There was also the satisfaction of being so tangibly involved with the preservation of a living historical artifact, a machine of war upon which thousands served, and many died–including 790 officers and men in a single storm, the infamous Typhoon Cobra. "Leica Geosystems is so pleased to have been part of this project," says Lenik. "We’ve helped with the scanning of many compelling structures, of course, but something about the USS New Jersey seemed especially important to me–maybe it’s the battles she fought and won, or the fact that she is so obviously a lethal weapon, but just being on her was a thrill, and helping to preserve her is an honor."
The Iowa-class battleship USS New Jersey is decommissioned now, and one hopes that her like is never needed again. But even now she serves, as a reminder of a difficult and dangerous time and as a memorial to those who risked so much in service of our nation’s highest ideals. The volunteers who served on Aug.19, 2014, were also doing their part, by helping to preserve an honorable legacy and making it more accessible to others.
The data is being used immediately for maintenance purposes. "Right away, we were able to give the museum a board layout of the main deck," says Ashley. "The main deck is in disrepair, and restoring it will be a multimillion dollar operation. Our work will help them to do the work in a historically accurate manner, and should also help to trim costs." And also, for the first time, the museum will be able to produce accurate sections and models of the battleship’s scanned portions, aiding all future work in these areas.
Access has always been an issue for museum operators. Many of the New Jersey’s passageways and gun turrets are rather cramped, making handicap access difficult or impossible. "The gun turret we scanned, number two, has only been open for tours for 18 months," Ashley explains. "We scanned all five stories, including the elevator, the projectile storage rooms, the operating room for targeting and firing, and of course the guns themselves. With that work completed, and the high resolution photography, it’s now possible to create a virtual tour of the turret. It’s a ways off, and we’ll be educating the museum on ways to use all the data, but it’s good to know that full accessibility is now a possibility, opening up the battleship to everyone interested, including disabled naval veterans from that era."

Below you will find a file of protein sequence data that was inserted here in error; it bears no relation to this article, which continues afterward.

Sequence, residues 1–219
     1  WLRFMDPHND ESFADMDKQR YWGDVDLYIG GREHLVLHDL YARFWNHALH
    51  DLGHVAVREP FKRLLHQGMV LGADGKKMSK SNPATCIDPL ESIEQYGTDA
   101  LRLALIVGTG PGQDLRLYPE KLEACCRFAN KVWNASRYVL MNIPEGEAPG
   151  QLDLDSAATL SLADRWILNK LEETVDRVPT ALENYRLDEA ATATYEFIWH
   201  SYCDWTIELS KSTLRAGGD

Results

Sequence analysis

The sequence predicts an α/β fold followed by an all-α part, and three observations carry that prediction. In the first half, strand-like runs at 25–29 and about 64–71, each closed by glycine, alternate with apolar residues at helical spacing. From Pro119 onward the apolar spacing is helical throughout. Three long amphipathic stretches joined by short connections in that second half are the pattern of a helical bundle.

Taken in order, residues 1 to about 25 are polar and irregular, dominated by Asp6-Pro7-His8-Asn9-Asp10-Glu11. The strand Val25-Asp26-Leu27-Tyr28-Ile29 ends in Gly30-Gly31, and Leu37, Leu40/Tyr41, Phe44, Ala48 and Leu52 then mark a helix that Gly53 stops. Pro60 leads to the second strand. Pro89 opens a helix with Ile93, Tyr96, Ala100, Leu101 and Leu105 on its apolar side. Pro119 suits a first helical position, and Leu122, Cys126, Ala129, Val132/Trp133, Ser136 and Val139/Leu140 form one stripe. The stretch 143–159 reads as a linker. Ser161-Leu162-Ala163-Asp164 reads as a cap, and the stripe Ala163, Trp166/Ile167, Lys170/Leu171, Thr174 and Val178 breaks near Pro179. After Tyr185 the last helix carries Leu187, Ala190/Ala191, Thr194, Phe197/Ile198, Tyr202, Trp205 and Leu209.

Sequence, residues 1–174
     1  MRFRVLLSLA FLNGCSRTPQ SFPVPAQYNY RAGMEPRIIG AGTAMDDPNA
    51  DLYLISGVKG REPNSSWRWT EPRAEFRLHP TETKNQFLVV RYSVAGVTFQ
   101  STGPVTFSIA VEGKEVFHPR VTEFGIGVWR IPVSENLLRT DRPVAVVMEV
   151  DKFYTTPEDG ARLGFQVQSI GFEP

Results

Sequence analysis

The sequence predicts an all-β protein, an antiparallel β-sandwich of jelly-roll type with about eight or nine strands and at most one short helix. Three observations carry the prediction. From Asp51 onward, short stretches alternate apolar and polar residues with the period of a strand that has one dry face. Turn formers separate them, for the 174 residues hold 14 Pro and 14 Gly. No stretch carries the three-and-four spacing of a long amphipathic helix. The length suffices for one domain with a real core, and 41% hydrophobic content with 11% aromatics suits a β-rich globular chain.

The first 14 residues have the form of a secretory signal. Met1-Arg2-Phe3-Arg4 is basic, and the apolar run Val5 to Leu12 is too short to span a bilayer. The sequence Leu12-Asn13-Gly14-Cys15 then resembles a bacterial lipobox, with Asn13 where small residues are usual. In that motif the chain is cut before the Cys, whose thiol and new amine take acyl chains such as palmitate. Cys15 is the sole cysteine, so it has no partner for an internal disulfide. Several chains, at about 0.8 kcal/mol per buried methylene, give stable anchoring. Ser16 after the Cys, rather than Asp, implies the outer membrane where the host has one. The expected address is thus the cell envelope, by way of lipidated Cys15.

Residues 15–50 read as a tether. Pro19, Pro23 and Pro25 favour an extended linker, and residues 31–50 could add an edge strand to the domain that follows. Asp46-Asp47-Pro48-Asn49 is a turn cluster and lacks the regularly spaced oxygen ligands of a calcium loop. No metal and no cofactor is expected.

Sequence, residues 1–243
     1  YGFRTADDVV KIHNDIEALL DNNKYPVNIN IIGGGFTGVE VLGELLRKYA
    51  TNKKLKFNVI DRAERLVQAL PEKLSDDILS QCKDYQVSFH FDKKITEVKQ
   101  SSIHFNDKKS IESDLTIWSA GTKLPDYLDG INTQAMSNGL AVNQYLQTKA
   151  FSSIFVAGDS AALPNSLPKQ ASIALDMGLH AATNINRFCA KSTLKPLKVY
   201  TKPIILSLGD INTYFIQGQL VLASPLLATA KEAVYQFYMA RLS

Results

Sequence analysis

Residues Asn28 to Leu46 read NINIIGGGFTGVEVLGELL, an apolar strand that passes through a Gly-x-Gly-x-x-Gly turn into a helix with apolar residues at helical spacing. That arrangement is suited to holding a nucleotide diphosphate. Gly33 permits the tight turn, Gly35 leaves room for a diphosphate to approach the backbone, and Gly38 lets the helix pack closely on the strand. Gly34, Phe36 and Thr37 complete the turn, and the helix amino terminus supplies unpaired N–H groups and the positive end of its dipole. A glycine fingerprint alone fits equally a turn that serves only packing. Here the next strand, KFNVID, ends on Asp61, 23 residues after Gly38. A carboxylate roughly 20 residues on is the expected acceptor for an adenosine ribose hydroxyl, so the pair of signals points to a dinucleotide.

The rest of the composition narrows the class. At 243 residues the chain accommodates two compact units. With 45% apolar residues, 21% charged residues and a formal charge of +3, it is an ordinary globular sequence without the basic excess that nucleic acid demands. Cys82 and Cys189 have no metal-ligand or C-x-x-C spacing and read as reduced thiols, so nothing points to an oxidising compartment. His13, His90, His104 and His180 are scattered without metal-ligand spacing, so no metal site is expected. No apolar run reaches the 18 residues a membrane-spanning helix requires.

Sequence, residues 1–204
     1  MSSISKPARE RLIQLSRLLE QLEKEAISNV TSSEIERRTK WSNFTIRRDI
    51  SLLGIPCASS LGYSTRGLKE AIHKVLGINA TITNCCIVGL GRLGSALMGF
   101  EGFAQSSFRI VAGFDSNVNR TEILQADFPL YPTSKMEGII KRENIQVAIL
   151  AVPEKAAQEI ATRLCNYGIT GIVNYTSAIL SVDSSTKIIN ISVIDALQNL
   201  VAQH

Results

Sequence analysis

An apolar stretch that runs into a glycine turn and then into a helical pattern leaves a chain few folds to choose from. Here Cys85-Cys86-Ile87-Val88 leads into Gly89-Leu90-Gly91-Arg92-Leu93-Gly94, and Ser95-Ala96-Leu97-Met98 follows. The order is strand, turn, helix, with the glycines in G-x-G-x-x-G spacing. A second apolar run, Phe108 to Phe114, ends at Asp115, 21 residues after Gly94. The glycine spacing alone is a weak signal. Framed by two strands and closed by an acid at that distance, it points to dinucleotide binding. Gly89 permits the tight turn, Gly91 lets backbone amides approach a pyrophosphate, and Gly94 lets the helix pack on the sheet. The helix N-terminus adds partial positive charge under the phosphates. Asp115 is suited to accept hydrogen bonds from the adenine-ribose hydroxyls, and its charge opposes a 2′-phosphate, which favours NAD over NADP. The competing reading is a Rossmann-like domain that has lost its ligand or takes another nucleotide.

And the battleship will also be used for training surveyors. "On the day we did the work, we only got to about 15 percent of the battleship, so we’ll be going back," Ashley says. "The museum will be allowing us to use the ship as a training facility, so the work we do will benefit everybody involved. There are plans to take the ship to dry dock in a couple of years, so that will be a good opportunity to get really accurate external hull scans, which we’ll be able to merge with all the work we’ve done so far."
Angus W. Stocking, P.S. is a licensed land surveyor who has been writing about infrastructure since 2002.
A Solid Workflow for Big Laser Scanning Projects
At Haag 3D Solutions, big scanning projects have become routine and scanning crews are often on the road for days at a time working on complex interiors, such as factories and plants, or large scale topographic projects. The firm has developed a sturdy data workflow to ensure quality and to keep their suite of scanners–and staff–working continually, with little down time. Director of Field Operations Rob Ashley shares a few tips:
Scanning stations are always preplanned with plenty of overlap to ensure good registration. "On big projects especially, where we might have two or more scanners working at once, we not only plan overlaps within the stations of the individual scanners, we also plan big overlaps between the various scanners being used," says Ashley. "That way, after we assemble the multiple point clouds from each scanner into `mini-registrations’, we’re able to assemble those mini-registrations into one big cloud with plenty of ways to check registration quality."